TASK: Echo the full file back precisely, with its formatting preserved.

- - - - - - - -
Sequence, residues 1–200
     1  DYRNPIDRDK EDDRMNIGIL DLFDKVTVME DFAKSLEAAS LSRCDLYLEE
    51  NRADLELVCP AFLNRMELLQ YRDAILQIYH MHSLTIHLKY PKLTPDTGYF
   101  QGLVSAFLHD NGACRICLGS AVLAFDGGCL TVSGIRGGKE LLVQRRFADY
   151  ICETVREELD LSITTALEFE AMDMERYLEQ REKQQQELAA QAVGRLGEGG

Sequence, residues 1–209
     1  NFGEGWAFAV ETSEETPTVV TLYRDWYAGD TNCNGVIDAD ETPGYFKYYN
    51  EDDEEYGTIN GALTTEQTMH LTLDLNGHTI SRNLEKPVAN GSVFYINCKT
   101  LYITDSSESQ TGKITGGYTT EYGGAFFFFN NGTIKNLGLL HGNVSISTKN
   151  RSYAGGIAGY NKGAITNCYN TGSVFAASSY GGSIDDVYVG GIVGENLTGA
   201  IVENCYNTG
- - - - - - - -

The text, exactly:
Sequence, residues 1–200
     1  DYRNPIDRDK EDDRMNIGIL DLFDKVTVME DFAKSLEAAS LSRCDLYLEE
    51  NRADLELVCP AFLNRMELLQ YRDAILQIYH MHSLTIHLKY PKLTPDTGYF
   101  QGLVSAFLHD NGACRICLGS AVLAFDGGCL TVSGIRGGKE LLVQRRFADY
   151  ICETVREELD LSITTALEFE AMDMERYLEQ REKQQQELAA QAVGRLGEGG

Sequence, residues 1–209
     1  NFGEGWAFAV ETSEETPTVV TLYRDWYAGD TNCNGVIDAD ETPGYFKYYN
    51  EDDEEYGTIN GALTTEQTMH LTLDLNGHTI SRNLEKPVAN GSVFYINCKT
   101  LYITDSSESQ TGKITGGYTT EYGGAFFFFN NGTIKNLGLL HGNVSISTKN
   151  RSYAGGIAGY NKGAITNCYN TGSVFAASSY GGSIDDVYVG GIVGENLTGA
   201  IVENCYNTG